Nashville Woman Sues State For Banning Her 'Offensive' License Plate

By Sarah Tate

July 1, 2021

Photo: Getty Images

A woman in Nashville is suing Tennessee officials after they labeled her vanity license plate as "offensive."

Leah Gilliam has had the same vanity tag for 10 years, but it wasn't until recently that officials with the Tennessee Department of Revenue sent a letter informing her that she'd have to pick a new plate because her current one was "deemed offensive," News Channel 5 reports.

So if the tag is considered offensive enough to ban, what does it say?


According to Gilliam's attorney, Daniel A. Horowitz, the plate is intended to represent her interests in astronomy and gaming and is not an indicator of anything objectionable or distasteful.

"To celebrate her interests, she sought, received, and – for more than a decade – has harmlessly displayed the [vanity plate] on her car, which combines the year of the moon landing with a gaming term," he said.

Gilliam and Horowitz claim the plate honors when the U.S. landed on the moon in 1969 and pays tribute to her love of gaming with the slang term "pwned," meaning when one gamer defeats another, FOX 17 reports.

Gilliam filed a lawsuit against Tennessee Department of Revenue Commissioner David Gerregano and Tennessee Attorney General Herbert Slatery III, claiming the ban was a violation against her First Amendment rights to free speech. If she doesn't change her tag, she would be prohibited from renewing her vehicle registration and could face a fine and up to 30 days in jail.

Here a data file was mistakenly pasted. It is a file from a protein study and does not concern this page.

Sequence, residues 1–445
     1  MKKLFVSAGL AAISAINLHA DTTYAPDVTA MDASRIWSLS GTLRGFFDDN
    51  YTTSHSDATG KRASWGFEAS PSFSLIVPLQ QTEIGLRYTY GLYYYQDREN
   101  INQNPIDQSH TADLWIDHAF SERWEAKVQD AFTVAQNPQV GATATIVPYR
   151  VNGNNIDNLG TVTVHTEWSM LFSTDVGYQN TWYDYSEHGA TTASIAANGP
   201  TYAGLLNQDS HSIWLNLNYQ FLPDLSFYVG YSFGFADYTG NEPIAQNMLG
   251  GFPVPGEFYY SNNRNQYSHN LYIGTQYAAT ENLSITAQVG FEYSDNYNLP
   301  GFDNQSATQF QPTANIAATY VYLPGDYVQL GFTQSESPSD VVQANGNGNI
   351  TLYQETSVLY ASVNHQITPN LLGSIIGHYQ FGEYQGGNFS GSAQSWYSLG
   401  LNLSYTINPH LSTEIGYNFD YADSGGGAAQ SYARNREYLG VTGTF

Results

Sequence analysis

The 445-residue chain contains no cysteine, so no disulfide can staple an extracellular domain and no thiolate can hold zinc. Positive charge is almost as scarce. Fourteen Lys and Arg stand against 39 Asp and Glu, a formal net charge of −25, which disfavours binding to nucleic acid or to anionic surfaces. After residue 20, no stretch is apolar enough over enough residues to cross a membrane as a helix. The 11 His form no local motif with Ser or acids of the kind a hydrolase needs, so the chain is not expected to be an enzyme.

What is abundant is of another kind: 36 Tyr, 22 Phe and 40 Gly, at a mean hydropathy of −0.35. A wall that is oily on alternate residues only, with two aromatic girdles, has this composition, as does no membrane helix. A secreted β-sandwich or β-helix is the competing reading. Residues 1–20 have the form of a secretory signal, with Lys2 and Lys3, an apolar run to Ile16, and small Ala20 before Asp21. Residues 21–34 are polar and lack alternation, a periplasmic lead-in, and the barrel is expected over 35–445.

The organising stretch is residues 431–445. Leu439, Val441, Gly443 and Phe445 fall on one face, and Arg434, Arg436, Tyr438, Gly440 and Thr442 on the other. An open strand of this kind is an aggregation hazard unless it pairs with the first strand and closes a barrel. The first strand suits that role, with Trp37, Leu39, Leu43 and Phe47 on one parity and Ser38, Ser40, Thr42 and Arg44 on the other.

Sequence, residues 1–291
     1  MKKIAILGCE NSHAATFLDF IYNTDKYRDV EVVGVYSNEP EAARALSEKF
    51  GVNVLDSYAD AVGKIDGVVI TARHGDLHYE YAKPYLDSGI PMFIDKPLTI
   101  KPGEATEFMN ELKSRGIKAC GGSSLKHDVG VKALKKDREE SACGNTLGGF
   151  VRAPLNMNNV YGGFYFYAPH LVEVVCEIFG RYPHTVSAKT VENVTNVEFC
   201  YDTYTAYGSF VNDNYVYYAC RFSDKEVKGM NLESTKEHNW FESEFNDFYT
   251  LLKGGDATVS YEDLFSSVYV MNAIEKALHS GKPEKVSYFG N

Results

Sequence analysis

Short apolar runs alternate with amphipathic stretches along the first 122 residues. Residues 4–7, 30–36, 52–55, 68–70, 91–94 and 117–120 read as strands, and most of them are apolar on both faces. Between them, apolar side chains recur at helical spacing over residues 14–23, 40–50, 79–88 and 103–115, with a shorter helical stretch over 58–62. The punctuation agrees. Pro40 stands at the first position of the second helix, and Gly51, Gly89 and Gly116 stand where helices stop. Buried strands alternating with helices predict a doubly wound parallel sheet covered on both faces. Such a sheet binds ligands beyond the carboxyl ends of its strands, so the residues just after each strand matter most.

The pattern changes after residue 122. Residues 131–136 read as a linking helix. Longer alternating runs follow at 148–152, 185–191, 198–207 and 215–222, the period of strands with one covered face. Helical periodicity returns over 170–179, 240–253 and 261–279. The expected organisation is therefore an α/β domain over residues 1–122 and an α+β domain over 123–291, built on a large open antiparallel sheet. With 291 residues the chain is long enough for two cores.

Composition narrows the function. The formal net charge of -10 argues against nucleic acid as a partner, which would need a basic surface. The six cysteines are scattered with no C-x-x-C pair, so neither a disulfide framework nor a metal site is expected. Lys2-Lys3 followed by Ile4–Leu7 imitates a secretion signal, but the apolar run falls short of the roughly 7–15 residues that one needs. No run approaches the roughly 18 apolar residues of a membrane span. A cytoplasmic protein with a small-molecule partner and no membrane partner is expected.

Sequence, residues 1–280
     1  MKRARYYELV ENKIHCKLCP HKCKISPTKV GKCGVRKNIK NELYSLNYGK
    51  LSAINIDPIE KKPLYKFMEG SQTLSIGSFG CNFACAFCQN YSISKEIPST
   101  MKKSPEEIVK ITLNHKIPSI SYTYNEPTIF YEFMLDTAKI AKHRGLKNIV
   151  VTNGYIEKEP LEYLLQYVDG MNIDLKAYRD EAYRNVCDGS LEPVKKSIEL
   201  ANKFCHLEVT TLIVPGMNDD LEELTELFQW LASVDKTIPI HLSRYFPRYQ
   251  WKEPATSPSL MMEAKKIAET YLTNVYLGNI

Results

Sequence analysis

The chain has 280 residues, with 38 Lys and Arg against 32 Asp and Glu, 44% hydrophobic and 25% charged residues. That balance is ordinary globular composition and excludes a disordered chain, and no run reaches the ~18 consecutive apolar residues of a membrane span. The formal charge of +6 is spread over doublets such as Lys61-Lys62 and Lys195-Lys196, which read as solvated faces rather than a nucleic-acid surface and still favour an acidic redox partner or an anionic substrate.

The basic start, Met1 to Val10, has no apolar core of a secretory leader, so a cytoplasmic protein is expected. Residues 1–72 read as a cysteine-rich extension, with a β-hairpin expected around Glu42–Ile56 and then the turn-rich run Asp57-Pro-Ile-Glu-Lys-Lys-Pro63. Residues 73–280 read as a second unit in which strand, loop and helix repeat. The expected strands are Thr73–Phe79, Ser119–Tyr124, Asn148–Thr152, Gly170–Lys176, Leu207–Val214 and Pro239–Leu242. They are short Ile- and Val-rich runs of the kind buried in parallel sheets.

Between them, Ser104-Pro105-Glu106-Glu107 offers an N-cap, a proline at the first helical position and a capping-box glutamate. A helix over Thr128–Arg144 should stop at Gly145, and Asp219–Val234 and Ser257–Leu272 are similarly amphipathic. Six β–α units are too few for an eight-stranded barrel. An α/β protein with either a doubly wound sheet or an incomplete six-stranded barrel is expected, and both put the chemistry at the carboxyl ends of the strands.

"The issue here is it just does not say what they're perceiving it to mean," said Horowitz. "This is a harmless, innocuous vanity license plate like thousands of others."

He continued, "People are not going to agree on what is offensive and what is not, and there's a reason why the government does not get to play speech-policing cop in a wide-ranging manner."

The department declined to comment on the specific litigation when FOX 17 reached out, simply saying state code "prohibits the Tennessee Department of Revenue from issuing a personalized license plate that 'may carry connotations offensive to good tase and decency or that are misleading.'"

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